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# JavaScript Comparison and Logical Operators

Comparison and Logical operators are used to test for true or false.

## Comparison Operators

Comparison operators are used in logical statements to determine equality or difference between variables or values.

Given that x = 5, the table below explains the comparison operators:

Operator Description Comparing Returns Try it
== equal to x == 8 false Try it »
x == 5 true Try it »
x == "5" true Try it »
=== equal value and equal type x === 5 true Try it »
x === "5" false Try it »
!= not equal x != 8 true Try it »
!== not equal value or not equal type x !== 5 false Try it »
x !== "5" true Try it »
x !== 8 true Try it »
> greater than x > 8 false Try it »
< less than x < 8 true Try it »
>= greater than or equal to x >= 8 false Try it »
<= less than or equal to x <= 8 true Try it »

## How Can it be Used

Comparison operators can be used in conditional statements to compare values and take action depending on the result:

if (age < 18) text = "Too young";

You will learn more about the use of conditional statements in the next chapter of this tutorial.

## Logical Operators

Logical operators are used to determine the logic between variables or values.

Given that x = 6 and y = 3, the table below explains the logical operators:

Operator Description Example Try it
&& and (x < 10 && y > 1) is true Try it »
|| or (x == 5 || y == 5) is false Try it »
! not !(x == y) is true Try it »

## Conditional (Ternary) Operator

JavaScript also contains a conditional operator that assigns a value to a variable based on some condition.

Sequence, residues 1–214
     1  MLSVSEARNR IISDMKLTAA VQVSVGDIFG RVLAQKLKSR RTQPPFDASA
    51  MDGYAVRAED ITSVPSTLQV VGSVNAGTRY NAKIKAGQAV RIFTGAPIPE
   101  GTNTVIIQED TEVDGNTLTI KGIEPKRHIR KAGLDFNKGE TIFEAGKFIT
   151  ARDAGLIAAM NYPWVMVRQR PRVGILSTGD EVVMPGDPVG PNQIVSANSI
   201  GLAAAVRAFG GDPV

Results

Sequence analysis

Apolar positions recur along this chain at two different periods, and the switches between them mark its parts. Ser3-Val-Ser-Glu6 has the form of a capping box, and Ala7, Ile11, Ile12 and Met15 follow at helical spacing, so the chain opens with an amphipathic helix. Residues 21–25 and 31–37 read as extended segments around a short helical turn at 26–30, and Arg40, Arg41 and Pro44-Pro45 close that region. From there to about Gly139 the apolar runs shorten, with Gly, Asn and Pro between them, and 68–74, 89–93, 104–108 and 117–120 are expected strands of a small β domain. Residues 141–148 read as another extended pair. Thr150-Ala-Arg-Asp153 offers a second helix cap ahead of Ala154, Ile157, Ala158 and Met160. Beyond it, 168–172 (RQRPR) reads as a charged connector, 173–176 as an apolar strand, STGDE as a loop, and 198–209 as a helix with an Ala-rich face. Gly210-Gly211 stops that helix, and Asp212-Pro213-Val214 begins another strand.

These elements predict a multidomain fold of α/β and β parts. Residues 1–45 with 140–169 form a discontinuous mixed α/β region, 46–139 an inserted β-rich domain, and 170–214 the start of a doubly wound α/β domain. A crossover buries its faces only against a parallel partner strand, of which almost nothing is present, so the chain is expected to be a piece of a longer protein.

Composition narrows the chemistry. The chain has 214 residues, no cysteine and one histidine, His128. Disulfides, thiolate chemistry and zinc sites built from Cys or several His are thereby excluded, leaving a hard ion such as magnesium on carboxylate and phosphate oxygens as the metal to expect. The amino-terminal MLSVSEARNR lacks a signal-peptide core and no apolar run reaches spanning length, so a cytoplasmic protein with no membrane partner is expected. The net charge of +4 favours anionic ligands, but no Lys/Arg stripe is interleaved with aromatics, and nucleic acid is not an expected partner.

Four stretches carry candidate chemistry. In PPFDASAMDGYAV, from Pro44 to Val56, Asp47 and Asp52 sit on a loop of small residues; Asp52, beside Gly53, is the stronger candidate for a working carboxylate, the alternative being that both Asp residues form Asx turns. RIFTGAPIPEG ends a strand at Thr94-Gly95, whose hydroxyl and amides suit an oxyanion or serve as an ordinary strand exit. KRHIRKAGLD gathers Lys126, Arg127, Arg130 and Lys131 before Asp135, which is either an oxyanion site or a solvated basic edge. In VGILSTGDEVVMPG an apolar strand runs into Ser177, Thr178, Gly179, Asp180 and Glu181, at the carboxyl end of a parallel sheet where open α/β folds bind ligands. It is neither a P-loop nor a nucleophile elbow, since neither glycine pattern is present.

### Syntax

variablename = (condition) ? value1:value2

### Example

var voteable = (age < 18) ? "Too young":"Old enough";
Try it Yourself »

If the variable age is a value below 18, the value of the variable voteable will be "Too young", otherwise the value of voteable will be "Old enough".

## Comparing Different Types

Comparing data of different types may give unexpected results.

When comparing a string with a number, JavaScript will convert the string to a number when doing the comparison. An empty string converts to 0. A non-numeric string converts to NaN which is always false.

Case Value Try
2 < 12 true Try it »
2 < "12" true Try it »
2 < "John" false Try it »
2 > "John" false Try it »
2 == "John" false Try it »
"2" < "12" false Try it »
"2" > "12" true Try it »
"2" == "12" false Try it »

When comparing two strings, "2" will be greater than "12", because (alphabetically) 1 is less than 2.

To secure a proper result, variables should be converted to the proper type before comparison:

age = Number(age);
if (isNaN(age)) {
voteable = "Error in input";
} else {
voteable = (age < 18) ? "Too young" : "Old enough";
}
Try it Yourself »

## JavaScript Bitwise Operators

Bit operators work on 32-bit numbers.

Any numeric operand in the operation is converted into a 32-bit number.

The result is converted back to a JavaScript number.

### Example

x = 5 & 1;

The result in x:

1
Try it Yourself »

Operator Description Example Same as Result Decimal
& AND x = 5 & 1 0101 & 0001 0001 1
| OR x = 5 | 1 0101 | 0001 0101 5
~ NOT x = ~ 5  ~0101 1010 10
^ XOR x = 5 ^ 1 0101 ^ 0001 0100 4
<< Left shift x = 5 << 1 0101 << 1 1010 10
>> Right shift x = 5 >> 1 0101 >> 1 0010 2 The examples above use 4 bits unsigned examples. But JavaScript uses 32-bit signed numbers. Because of this, in JavaScript, ~ 5 will not return 10. It will return -6. ~00000000000000000000000000000101 will return 11111111111111111111111111111010